It Won’t Be Long - The Beatles

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"It Won’t Be Long" - The Beatles (1963)

Lennon was not happy about the result of the recording of “It Won’t Be Long.”

He commented:

“It was my attempt to write another single…but it never quite made it.”

A few years later he would say the song was the beginning of a wider audience for Beatles' music than the youthful throngs that had fervently followed them from the Liverpool clubbing days.

He added:

“The basic appeal of the Beatles was not their intelligence. It was their music. It was only after some guy in The London Times said there were aeolian cadences in ‘It Won't Be Long’ that the middle classes started listening to it - because somebody put a tag on it.”

McCartney compared the juxtaposition of 'be long' and “belong” to the wordplay that influenced “Please Please Me.”

He writes in his autobiography:

“I was doing literature at school, so I was interested in plays on words and onomatopoeia. John didn't do literature but he was quite well read, so he was interested in that kind of thing. We both liked to try and get a bit of double meaning in, so that was the high spot of writing that particular song. John mainly sang it so I expect that it was his original idea but we both sat down and wrote it together.”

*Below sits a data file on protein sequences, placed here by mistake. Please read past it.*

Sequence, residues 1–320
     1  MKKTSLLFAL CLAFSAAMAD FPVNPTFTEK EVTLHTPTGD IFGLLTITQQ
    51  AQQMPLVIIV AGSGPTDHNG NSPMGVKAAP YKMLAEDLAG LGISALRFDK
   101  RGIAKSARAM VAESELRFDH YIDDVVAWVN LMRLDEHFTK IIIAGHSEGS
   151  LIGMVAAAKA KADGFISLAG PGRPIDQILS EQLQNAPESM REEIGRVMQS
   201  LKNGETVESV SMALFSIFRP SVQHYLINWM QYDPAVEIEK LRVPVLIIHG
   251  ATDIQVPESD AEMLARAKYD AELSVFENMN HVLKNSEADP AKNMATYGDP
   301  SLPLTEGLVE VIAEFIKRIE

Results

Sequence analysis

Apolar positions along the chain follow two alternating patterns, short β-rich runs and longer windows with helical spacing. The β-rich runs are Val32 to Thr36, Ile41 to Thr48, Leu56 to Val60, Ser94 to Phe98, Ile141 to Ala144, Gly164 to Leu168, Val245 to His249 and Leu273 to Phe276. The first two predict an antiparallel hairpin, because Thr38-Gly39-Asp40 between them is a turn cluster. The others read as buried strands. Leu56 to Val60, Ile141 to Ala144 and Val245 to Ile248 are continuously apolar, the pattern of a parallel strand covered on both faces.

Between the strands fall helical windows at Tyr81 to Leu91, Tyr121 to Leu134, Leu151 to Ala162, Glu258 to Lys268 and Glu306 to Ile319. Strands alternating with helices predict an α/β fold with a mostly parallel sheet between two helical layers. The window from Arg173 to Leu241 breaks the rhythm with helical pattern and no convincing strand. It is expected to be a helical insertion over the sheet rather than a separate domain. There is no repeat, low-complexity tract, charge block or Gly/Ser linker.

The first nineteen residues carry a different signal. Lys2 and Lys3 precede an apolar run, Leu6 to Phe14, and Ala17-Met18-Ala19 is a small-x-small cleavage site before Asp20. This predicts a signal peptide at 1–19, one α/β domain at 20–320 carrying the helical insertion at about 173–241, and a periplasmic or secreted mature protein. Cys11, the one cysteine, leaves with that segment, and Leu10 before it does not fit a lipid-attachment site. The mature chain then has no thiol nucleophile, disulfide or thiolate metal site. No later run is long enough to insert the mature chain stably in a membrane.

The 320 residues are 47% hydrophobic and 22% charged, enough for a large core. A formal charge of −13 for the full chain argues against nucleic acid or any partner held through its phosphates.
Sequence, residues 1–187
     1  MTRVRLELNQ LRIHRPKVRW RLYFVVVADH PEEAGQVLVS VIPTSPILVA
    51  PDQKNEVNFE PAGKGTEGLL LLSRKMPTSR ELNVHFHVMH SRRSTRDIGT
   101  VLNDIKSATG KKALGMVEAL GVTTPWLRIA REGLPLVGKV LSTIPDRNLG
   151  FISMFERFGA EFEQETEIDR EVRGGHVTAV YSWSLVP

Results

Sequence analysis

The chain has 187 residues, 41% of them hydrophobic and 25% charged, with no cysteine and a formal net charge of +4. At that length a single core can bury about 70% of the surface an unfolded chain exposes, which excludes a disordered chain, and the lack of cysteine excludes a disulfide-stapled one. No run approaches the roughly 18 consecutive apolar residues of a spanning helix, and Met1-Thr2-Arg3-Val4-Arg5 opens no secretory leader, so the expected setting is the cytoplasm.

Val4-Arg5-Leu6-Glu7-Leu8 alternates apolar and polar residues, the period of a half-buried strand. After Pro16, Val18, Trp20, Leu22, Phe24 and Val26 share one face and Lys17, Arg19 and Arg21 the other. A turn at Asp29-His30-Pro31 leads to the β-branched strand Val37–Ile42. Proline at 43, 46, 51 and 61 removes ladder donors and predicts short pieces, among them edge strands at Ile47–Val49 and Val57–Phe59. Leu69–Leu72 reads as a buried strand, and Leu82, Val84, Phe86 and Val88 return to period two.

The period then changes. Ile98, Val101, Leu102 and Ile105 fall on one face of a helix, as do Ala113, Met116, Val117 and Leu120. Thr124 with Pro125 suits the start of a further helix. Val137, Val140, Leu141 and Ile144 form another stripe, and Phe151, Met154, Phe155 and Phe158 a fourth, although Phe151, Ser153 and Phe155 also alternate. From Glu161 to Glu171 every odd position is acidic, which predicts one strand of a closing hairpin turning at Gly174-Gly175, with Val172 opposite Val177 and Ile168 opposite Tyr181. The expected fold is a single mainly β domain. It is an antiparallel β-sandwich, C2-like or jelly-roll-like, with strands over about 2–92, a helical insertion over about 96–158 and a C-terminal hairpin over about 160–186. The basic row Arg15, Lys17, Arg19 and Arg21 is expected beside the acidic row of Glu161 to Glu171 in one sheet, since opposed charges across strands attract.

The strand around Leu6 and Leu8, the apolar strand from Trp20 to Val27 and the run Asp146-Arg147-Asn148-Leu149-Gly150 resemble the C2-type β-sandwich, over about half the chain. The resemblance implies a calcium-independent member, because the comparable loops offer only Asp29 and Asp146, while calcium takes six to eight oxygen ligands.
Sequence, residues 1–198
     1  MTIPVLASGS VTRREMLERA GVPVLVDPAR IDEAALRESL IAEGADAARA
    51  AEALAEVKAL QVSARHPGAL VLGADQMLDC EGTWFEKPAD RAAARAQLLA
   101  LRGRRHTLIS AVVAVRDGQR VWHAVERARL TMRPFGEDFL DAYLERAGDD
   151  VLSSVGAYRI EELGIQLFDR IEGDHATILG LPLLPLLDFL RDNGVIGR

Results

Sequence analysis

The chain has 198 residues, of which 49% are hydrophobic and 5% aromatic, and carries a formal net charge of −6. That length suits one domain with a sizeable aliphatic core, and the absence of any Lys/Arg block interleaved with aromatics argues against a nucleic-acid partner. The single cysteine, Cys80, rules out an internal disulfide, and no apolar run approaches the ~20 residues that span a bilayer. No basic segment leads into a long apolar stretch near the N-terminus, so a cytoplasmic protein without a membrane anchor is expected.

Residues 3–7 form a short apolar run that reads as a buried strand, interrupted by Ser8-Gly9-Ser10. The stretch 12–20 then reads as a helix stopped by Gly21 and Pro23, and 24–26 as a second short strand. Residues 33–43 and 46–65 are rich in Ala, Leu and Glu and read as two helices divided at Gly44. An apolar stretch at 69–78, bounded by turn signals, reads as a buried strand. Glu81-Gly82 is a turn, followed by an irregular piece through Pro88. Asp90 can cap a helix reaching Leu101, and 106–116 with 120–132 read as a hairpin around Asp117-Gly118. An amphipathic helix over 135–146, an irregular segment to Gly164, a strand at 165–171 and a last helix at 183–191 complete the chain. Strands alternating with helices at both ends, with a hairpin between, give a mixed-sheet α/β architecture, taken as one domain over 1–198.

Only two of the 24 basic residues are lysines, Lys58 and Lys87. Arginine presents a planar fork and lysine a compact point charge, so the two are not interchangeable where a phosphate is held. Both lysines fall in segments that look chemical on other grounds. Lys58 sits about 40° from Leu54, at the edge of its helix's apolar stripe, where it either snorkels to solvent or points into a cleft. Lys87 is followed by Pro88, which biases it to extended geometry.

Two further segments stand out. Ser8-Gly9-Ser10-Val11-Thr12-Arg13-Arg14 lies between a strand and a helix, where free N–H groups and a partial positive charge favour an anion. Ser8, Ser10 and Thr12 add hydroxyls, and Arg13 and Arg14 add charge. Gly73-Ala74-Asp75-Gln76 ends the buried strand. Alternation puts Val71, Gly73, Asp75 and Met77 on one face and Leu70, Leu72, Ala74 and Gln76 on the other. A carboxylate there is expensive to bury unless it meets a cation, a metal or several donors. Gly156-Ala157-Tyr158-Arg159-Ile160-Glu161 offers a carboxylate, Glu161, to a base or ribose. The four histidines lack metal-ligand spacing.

Over the years it was assumed that "It Won’t Be Long” was an “early Paul song”- but it wasn’t. He definitely did not write it or sing lead vocal. The lyrics have all the John trademark themes of abandonment, rejection and self-pity that were prevalent in his contributions to the Beatles first few albums. 

The track is indicative of the Beatle’s early philosophy of recording which was to pack it tight without a single dull second, of  “needle-time.” It is rich in detail and elliptical in form as George Harrison picks out a series of descending guitar figures, Ringo’s backbeat and John’s rhythm guitar skyrocket the track forward with a bolt of  brute force. The word "yeah" is repeated 56 times!

Says Beatle scholar Ken Womack:

“The speaker longs to return to the reassuring company of  his beloved and feels a stronger urgency, a lonely sense of disconnectedness in his lover’s absence. The speaker can scarcely imagine risking the pure bliss of his current relationship for a dalliance with another- “I’ll be good like I know I should”- for the simple reason that the utopian dream of their romantic love might come to an end. Romantic love exists as an all-purpose, all-consuming antidote for the intervals and pauses that prevent us from experiencing life on our own terms- and, more significantly without the frustration of postponing the satiation of our desires.”

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